(Yiddish text below English)
In the 21st century, it seems to me that all reference works should be available on the Internet, in particular those that are only practical when computerized. The first project to be presented here is a series of maps that display the Yiddish names of cities, towns and regions in central and eastern Europe, along with the official names for the past 100 years. They are based on the list published in Yiddishland: Countries, Cities, Towns, Rivers, available on the YIVO website. This is the first attempt to collect and publish all Yiddish place names of central and eastern Europe in one book. From the introduction:
A gazetteer of Yiddish place names has been a desideratum for many, many years. In YIVO-bleter VII (1934:229), the editor notes that Saul Chajes’s list of Yiddish place names (Chajes 1934) will be “an important contribution to the Yiddish geographical index that is being prepared by the philological section of YIVO,” which to the best of our knowledge never appeared. The bulk of the material is drawn from the card files of the late Dr. Mordkhe Schaechter, to whom this work is dedicated and to whom it should properly be attributed.
Our definition of Yiddishland includes present-day Austria, Belarus, Czech Republic, Estonia, Hungary, Latvia, Lithuania, Moldova, Poland, Romania, Slovakia, and Ukraine, as well as the European regions of Russia. This includes what M. Herzog (1965:7) designates “Yiddish Language Area,” as well as neighboring countries with at least a few Yiddish place names of long standing.
As explained below in the instructions for the user, this work is prescriptive as far as is practicable. The Yiddish names reflect the pronunciation of the natives of the respective location rather than the spellings that are most widespread in published sources. To orient the reader to the normative approach of this work, we reprint in English translation part of a chapter of Schaechter’s Laytish mame-loshn (Authentic Yiddish) entitled “Yidishe geografishe nemen” (Yiddish Geographical Names; Schaechter 1986:17-18):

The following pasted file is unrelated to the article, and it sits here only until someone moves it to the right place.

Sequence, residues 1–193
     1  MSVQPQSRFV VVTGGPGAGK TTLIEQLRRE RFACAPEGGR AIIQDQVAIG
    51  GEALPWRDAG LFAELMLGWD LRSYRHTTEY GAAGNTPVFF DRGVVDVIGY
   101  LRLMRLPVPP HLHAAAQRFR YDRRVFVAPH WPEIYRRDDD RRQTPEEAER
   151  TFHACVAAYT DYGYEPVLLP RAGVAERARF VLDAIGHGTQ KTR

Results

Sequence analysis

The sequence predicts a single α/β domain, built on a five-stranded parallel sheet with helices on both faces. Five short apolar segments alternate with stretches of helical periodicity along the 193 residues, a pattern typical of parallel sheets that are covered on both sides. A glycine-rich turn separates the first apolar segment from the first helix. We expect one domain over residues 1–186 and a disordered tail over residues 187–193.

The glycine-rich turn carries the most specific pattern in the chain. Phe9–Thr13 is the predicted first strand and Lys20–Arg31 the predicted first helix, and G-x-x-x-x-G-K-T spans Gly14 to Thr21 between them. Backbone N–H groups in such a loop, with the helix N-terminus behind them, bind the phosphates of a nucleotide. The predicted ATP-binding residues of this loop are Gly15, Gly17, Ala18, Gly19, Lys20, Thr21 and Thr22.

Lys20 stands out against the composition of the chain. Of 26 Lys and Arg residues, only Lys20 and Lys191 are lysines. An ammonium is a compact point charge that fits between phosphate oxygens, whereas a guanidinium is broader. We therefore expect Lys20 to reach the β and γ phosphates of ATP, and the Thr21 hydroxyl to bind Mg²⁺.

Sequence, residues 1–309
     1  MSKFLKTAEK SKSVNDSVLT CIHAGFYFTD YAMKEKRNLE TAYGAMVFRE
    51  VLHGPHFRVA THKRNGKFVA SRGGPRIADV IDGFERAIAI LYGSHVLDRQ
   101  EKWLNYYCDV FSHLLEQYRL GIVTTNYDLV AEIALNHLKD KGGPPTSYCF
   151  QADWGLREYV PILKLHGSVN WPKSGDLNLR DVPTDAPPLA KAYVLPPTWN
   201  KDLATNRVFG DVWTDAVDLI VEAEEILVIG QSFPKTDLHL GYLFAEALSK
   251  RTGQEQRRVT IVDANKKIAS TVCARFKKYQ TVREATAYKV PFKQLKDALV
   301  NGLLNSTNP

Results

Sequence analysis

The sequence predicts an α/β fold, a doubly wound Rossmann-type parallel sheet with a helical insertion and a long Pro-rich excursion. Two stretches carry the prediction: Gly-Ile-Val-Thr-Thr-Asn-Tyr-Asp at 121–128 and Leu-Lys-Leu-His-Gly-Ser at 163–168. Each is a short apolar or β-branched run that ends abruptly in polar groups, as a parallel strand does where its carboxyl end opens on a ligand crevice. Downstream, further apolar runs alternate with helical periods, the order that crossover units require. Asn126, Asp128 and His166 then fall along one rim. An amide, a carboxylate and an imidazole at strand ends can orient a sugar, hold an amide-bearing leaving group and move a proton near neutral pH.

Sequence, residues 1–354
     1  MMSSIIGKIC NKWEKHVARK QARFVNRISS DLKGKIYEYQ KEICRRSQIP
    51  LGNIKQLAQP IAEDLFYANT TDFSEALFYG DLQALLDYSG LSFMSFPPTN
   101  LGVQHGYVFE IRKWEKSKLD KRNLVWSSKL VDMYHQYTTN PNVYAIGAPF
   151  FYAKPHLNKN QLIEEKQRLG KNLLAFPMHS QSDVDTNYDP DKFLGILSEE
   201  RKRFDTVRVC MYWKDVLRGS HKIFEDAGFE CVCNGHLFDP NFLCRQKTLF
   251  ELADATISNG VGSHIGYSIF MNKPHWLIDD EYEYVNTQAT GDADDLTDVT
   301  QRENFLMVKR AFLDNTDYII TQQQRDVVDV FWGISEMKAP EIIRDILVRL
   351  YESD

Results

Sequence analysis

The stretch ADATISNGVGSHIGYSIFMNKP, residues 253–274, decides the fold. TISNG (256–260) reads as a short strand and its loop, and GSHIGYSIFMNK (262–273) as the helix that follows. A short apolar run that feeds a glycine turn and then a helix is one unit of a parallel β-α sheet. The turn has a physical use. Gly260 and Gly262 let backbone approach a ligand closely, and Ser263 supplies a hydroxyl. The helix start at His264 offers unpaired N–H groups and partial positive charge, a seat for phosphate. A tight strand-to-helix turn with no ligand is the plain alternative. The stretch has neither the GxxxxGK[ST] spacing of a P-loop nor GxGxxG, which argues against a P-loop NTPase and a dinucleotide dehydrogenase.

What is the Yiddish name of a place? The name used in normal speech by the Yiddish speakers native to the place. As Yudel Mark put it: “The question of spelling is not directly relevant to the […] matter of Yiddish geographical names. In this instance, the spelling should reflect the way Yiddish speakers actually called the cities and countries where they lived. The more deeply rooted spoken tradition takes precedence over the written tradition” (1958:92).
This is what the present writer calls the domain of place. The official language cannot be decisive; nor can the vague notion that simple or learned Jews in far-away places may have. The name of Isterik [=Ustrzyki Dolne, Poland] should not depend on journalists in Warsaw (much less New York) or linguists in Vilna. The coachman or storekeeper from Isterik is the highest authority in this case.
As to the question of how and why Yiddish place names came into being, Stankiewicz states (1965:181): “… If the Yiddish place names are in the end result so different from their Slavic equivalents, it is because, strictly speaking, they were not borrowed but adopted, reinterpreted and fused with the other components of Yiddish, with which they shared the same historical development. The history of the Yiddish place names … is the clearest illustration of this process of uninterrupted linguistic adaptation and fusion which determined the structure of modern Yiddish.” The Yiddish language has its own rules of historical development, in its phonological, morphological, and grammatical systems, which the corpus of names in this work illustrates in great detail. To put it very simply: place names, in particular when derived from the Slavic languages, were reinterpreted to fit Yiddish speaking habits. Perhaps the best example is Zhetl (in western Belarus), which appears to be a compromise between Polish (Zdzięcioł) and Belarusian (Dyatlava).